Intro to Pharmacology and Patho

  • Created by: Beckyrose
  • Created on: 18-03-14 11:33
What Drug Name do nurses use?
The Generic Name
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What is Pharmodynamics?
The study of what drugs do and how they do it such as drug receptor interactions
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What is Pharmakinetics?
The way drugs move in the body - Need to know that the drug will get to where its supposed to. The more selective a drug is, the less side effects there are
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How many routes do drugs move through?
1. Channels and Pores, 2. Transport Systems, 3. Direct Membrane Penetration
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What does the route of Channels and Pores do?
Not many drugs use this route because the channels are very small and only very small molecules and fit through
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What does the route Transport Systems do?
It selectively transport certain molecules across membranes into or out of cells
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What does the route of Direct Membrane Penetration do?
Is the most popular mode of transport, the molecules have to be lipd soluble because if water soluble then they wont be able to enter the hydrophobic membranes of cells
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How do drugs move through and enter tissues in the body?
They dissolve through the phospholipid bilayer of cell membranes
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What charge must drugs be to be lipid soluble?
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What are some factors that increase drug absorption?
Increased lipid solubility, SA, bloodflow and dissolution (how rapidly tablet dissolves)
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Why is increased lipid solubility a good thing?
it improves drugs ability to get through membranes and caps,
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Is oral administration good?
Its convenient but have to go through membrane of gut to be absorbed, PH of gut can also inactivate some drugs
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What does Enteric Coated mean?
That the tablet has a waxy layer that prevents the drug from gastic juice in the stomach, designed to release drug in intestine so shouldnt be crushed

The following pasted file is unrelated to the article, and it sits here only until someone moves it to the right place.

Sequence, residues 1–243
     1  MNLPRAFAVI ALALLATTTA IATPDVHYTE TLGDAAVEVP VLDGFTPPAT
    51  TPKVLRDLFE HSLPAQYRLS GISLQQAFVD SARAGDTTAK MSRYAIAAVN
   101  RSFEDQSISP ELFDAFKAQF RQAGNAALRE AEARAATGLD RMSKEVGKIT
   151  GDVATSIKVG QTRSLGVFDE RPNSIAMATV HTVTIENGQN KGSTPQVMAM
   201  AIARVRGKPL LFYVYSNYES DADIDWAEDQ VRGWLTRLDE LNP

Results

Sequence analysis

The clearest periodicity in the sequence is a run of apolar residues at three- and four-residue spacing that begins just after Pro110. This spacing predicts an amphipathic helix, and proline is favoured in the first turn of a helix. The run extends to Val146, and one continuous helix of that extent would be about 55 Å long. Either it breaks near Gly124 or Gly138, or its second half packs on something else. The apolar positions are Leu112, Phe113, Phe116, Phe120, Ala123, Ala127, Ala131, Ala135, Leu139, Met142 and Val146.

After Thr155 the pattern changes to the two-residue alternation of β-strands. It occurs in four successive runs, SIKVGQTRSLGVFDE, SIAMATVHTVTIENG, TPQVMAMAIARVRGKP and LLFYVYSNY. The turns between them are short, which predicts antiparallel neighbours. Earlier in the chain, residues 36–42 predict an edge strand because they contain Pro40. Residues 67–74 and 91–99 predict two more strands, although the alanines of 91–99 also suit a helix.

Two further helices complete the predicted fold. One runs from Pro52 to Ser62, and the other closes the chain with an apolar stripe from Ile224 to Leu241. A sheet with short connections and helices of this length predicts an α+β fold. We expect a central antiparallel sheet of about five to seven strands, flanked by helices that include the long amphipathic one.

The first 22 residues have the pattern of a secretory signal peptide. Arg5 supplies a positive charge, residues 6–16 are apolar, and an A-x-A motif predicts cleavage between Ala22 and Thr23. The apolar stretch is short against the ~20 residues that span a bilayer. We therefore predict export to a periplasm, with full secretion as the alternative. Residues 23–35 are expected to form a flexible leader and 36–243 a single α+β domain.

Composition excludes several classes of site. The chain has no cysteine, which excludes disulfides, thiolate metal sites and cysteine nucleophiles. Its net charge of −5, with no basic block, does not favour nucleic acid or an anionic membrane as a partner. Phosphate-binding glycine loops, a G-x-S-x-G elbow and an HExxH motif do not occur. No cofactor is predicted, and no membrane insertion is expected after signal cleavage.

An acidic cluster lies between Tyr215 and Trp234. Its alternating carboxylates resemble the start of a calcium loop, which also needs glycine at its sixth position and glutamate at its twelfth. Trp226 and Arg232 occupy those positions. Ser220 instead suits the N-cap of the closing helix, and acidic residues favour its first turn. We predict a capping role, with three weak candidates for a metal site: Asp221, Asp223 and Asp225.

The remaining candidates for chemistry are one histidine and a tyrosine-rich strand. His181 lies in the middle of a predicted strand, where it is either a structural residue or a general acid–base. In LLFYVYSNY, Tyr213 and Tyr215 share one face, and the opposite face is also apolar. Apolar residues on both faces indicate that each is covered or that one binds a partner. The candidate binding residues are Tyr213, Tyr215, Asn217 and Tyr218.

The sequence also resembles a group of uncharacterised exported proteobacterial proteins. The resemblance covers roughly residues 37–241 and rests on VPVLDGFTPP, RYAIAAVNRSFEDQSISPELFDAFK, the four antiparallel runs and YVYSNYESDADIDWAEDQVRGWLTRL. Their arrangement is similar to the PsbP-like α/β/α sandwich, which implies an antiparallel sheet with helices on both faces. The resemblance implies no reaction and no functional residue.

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How are sustained release drugs made?
Are capsules that have small spheres of the drug w. different coatings that dissolve at different rates
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What is drug distribution influenced by?
Tissue blood flow , the ability of the drug to exit blood vessels and cap structure (how leaky they are will determine how easily the drug can escape into the tissue)
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Why can drugs easily pass to fetuses?
Because they dont have a fully developed blood brain barrier
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What is drug distribution limited by?
The amount of albumin binding, if something really binds onto albumin then there isnt much left circulating in the blood to get to tissues, so have to give big loading dose to saturate the albumin so more drug can reach tissues
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Why can competitive meds be good?
Because they will compete for sites on the albumin which means there will be more free drug in the circulation
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What is Drug Metabolism?
Getting rid of or altering the drug, happens mainly in the liver cells (hepatocytes), the liver makes drugs more water soluble and so its more likely to be gotten rid of by the body as urine
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What is the 'First Pass Effect'?
If meds taken orally it goes 1st to liver, liver cells either makes drugs more soluble for easier excretion, may totally inactivate drug. SO! Drug doses must be high to compensate for liver metabolism
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When do infants develop full metabolising capacity?
At 1 year
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What is Enzyme Induction?
Long term use means the liver increases the number of enzymes associated with the drugs metabolism, means you need more to get the same effects = Metabolic Intolerance
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What is plasma a clinical indicator for?
Whether the appropriate drug dose has been given, you must get a certain plasma drug level for the drug to be effective
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What is Minimum Effective Concentration RT plasma
The plasma drug level that must be reached before a therapeutic effect will occur
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What is a Therapeutic Range?
concentration between min effective concentration and toxicity. The larger the TR the greater the safety there is in using the drug
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What is a Half Life?
The time it takes to reduce the original dose of the drug down to half its original dose - if it has a short half life it means that its metabolized quickly and must be given frequently
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Other cards in this set

Card 2


What is Pharmodynamics?


The study of what drugs do and how they do it such as drug receptor interactions

Card 3


What is Pharmakinetics?


Preview of the front of card 3

Card 4


How many routes do drugs move through?


Preview of the front of card 4

Card 5


What does the route of Channels and Pores do?


Preview of the front of card 5
View more cards




Good flashcards. 

...but there are none for pathology.

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